To structure this, start with a strong job title. This needs to describe the position and should be kept relatively simple. You can decide whether you want to include salary details in your job advert; this could be an approximate amount; a salary bracket; or, if you don’t want to disclose it, you don’t have to (although we recommend you do).


Check out our ultimate job posting guide here.


After this information, you should write the main description. In the first paragraph, you can say a little bit about your company.


Then, describe the main duties and responsibilities the position will involve and bullet point these for more clarity. Again, list the skills and experience you are looking for in the same way, bullet pointing your requirements.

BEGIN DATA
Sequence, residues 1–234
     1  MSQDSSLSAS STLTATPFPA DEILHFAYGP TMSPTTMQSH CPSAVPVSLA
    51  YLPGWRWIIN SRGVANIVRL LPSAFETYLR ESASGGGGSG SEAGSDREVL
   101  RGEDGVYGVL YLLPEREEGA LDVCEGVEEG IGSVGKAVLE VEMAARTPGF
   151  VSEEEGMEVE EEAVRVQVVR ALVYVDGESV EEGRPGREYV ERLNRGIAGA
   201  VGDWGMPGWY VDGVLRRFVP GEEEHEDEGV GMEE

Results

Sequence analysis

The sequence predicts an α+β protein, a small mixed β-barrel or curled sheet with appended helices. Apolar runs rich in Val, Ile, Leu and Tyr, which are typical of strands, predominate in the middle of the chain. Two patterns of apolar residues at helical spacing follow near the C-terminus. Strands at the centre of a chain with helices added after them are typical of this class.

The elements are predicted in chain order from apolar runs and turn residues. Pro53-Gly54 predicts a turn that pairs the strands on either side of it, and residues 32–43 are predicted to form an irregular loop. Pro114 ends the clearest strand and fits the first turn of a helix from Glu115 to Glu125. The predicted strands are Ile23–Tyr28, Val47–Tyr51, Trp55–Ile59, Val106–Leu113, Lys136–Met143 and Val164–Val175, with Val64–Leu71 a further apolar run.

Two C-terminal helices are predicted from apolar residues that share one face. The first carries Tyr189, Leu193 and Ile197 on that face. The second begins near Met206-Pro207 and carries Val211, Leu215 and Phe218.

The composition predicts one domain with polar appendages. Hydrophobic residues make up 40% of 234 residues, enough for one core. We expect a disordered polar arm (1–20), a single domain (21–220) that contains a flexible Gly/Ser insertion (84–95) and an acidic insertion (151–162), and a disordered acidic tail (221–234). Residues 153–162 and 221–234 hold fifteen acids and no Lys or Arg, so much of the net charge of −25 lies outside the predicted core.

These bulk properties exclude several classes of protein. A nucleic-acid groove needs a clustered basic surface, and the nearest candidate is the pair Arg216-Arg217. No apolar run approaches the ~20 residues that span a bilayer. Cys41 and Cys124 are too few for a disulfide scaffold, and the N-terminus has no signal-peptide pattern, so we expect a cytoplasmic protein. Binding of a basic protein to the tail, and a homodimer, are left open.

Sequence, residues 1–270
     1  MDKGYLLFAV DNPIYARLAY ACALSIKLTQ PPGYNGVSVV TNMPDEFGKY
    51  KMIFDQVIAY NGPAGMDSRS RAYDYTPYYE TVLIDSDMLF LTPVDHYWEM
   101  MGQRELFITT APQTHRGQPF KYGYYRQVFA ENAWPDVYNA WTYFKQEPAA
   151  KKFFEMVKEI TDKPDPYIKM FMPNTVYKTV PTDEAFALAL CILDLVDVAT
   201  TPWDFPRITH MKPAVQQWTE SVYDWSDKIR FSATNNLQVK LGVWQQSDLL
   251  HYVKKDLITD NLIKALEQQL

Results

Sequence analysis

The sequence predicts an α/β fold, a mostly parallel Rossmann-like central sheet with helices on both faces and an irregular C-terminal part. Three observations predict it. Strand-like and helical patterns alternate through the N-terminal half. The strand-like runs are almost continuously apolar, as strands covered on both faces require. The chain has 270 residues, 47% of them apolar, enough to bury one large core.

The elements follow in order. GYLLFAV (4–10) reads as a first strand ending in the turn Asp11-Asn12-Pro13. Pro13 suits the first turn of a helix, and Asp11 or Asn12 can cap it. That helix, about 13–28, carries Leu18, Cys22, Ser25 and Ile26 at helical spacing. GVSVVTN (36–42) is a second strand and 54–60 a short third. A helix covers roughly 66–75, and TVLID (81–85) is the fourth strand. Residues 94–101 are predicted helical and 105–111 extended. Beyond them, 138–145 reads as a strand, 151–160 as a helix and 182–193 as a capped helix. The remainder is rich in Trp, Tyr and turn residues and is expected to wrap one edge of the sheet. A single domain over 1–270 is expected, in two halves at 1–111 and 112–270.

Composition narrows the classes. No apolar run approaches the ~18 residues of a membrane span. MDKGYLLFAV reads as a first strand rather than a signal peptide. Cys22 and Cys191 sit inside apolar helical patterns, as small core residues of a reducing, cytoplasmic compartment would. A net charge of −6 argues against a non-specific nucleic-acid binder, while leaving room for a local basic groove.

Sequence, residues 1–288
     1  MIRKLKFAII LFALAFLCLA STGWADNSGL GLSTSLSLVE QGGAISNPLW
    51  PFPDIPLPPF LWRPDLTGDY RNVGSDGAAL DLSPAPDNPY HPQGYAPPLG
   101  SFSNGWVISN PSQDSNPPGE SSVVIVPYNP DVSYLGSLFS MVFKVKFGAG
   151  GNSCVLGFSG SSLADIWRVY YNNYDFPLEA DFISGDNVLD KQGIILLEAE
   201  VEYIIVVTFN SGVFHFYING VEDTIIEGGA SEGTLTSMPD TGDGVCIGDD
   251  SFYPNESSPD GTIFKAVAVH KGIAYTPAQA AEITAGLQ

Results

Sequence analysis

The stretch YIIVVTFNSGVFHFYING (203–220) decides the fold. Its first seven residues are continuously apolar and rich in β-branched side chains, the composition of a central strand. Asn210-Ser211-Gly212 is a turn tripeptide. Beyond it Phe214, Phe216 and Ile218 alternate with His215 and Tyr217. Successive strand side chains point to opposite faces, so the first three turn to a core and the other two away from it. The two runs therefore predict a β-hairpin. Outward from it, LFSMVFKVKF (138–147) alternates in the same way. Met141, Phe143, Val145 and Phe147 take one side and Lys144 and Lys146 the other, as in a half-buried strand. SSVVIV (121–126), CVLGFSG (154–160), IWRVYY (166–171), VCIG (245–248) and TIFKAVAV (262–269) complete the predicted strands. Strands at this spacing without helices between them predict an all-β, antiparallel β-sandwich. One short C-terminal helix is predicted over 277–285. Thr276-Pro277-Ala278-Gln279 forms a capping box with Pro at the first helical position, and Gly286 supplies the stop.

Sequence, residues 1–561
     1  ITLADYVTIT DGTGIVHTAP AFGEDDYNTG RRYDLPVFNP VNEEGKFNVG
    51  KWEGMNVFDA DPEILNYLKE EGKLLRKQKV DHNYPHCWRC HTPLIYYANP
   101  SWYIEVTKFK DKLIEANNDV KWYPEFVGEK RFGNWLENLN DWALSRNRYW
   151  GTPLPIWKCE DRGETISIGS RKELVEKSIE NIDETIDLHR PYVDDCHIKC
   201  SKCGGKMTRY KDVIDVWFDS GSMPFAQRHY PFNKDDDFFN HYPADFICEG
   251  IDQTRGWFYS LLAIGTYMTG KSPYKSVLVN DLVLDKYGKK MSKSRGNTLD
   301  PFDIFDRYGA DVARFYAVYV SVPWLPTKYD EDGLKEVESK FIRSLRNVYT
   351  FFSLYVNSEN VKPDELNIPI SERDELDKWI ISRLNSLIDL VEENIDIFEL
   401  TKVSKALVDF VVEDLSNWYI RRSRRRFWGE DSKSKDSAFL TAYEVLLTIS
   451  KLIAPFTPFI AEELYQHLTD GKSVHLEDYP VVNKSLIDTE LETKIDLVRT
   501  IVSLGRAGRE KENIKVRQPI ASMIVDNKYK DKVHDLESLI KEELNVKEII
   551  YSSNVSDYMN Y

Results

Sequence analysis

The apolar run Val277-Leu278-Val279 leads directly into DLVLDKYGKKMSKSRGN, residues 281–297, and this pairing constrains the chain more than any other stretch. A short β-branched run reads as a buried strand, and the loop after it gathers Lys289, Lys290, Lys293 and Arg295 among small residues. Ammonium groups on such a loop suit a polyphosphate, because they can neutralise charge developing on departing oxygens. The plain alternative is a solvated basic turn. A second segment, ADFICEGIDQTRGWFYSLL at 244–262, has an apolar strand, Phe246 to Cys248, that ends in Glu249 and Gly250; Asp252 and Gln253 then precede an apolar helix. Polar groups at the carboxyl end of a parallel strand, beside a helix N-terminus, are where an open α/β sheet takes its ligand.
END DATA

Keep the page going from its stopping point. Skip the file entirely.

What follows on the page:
3. Advertise on the right platforms


It’s important that you’re using the right platforms to advertise your vacancy and get in front of the right candidates. Job boards can be your best friend here! They offer a wide pool of talent and the applicants come straight to you.

With sites like CV-Library, you can also search through millions of CVs to find the best candidates for your business. This is particularly useful if you’re hiring for your first employee, or multiple vacancies at once.


Finally, why not shout about your new vacancy on social media? Sites such as Twitter, LinkedIn and Facebook reach a whole host of previously inaccessible candidates.


4. Shortlist CVs and applications


After you’ve come up with a compelling job advert and advertised it in the right places, you should hopefully have a pile of applications to look through.